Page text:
While it may be the overriding investment theme in the metals market, this won’t come from decarbonisation just yet.

“Electricity networks are the most important exposure (~21% of global copper demand) given that more transmission is required to connect decentralised renewable power to the grid,” he said.

“However, low carbon generation (solar PV, wind, other renewables and nuclear) and EV and battery storage are far less important for now (2.6% and 0.5% of global copper demand respectively in 2020).

“But spending on a decarbonised economy outside China will likely face setbacks from aggressive monetary policy through H2 2022 and 2023.”

Rather, China’s commitment to ramp up infrastructure spending once the lockdowns unwind looms as the panacea for copper’s recent malaise.

In particular, China plans to increase investment in its electricity grid by 25% in 2022.

“President Xi Jinping’s urging for increased infrastructure investment at the Central Financial and Economic Affairs Commission meeting on 26 April could see China’s copper demand impulse lift through H2 2022,” Dhar said.

“Even before the latest lockdown, the State Grid Corporation of China planned to lift spending directly on the grid by 25% in 2022. Electricity networks account for ~36% of China’s copper demand. Stabilising the property sector (23% of China’s copper demand) is also likely be positive for China’s copper demand.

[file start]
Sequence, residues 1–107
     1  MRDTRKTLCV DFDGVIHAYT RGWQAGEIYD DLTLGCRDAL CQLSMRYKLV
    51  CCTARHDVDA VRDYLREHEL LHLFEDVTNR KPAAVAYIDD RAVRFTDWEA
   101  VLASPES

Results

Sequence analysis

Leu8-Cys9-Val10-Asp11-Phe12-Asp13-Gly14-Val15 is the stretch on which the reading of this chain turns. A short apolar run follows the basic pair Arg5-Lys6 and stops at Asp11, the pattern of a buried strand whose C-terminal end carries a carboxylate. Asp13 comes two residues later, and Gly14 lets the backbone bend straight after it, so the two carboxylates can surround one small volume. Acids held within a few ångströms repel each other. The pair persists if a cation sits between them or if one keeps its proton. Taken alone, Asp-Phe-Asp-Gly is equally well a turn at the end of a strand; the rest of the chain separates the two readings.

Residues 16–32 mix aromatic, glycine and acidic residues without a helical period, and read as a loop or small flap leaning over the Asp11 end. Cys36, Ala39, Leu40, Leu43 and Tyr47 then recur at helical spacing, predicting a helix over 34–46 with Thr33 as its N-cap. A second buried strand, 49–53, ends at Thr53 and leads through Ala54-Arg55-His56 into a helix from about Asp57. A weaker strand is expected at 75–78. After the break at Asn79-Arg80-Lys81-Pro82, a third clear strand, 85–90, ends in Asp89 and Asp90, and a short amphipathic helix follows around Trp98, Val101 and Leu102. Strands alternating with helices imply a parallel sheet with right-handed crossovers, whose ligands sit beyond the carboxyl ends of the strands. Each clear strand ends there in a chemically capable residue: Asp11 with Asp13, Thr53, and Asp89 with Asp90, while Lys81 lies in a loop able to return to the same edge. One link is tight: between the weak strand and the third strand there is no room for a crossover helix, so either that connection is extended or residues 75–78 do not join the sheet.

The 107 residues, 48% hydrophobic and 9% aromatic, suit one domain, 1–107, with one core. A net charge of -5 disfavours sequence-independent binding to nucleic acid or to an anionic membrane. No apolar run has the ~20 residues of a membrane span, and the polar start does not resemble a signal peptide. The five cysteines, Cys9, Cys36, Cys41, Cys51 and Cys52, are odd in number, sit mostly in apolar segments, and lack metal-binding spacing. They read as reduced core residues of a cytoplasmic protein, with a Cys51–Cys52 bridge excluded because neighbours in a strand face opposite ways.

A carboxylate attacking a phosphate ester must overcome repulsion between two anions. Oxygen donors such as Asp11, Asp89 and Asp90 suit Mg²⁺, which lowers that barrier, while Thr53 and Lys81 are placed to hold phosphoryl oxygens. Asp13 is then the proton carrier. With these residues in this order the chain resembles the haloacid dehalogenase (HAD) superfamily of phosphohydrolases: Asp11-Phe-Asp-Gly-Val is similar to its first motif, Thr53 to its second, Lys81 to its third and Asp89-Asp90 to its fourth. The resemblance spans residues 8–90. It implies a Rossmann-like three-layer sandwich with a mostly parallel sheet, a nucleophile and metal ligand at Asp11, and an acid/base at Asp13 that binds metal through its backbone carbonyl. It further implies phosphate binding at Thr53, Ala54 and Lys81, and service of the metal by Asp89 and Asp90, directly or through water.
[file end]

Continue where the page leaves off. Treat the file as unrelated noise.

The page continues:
“We believe China’s rising copper demand impulse in H2 2022 will drive copper prices higher later this year.”

Supply disruptions in Chile and Peru are also a ‘key upside risk’. MMG’s 400,000tpa Las Bambas mine in Peru is a case in point, where activism from traditional owner groups has stalled production in recent weeks, taking around 2% of global mined supply out of the market.

“A key upside risk to prices is supply disruptions,” Dhar said.

“Glencore, Anglo American and BHP have reported double‑digit year‑on‑year falls in copper output in Q1 2022.

“Social unrest has also weighed on copper supply in Peru (~13% of mined copper supply).”


BHP brings Kambalda nickel back, but still says no to lithum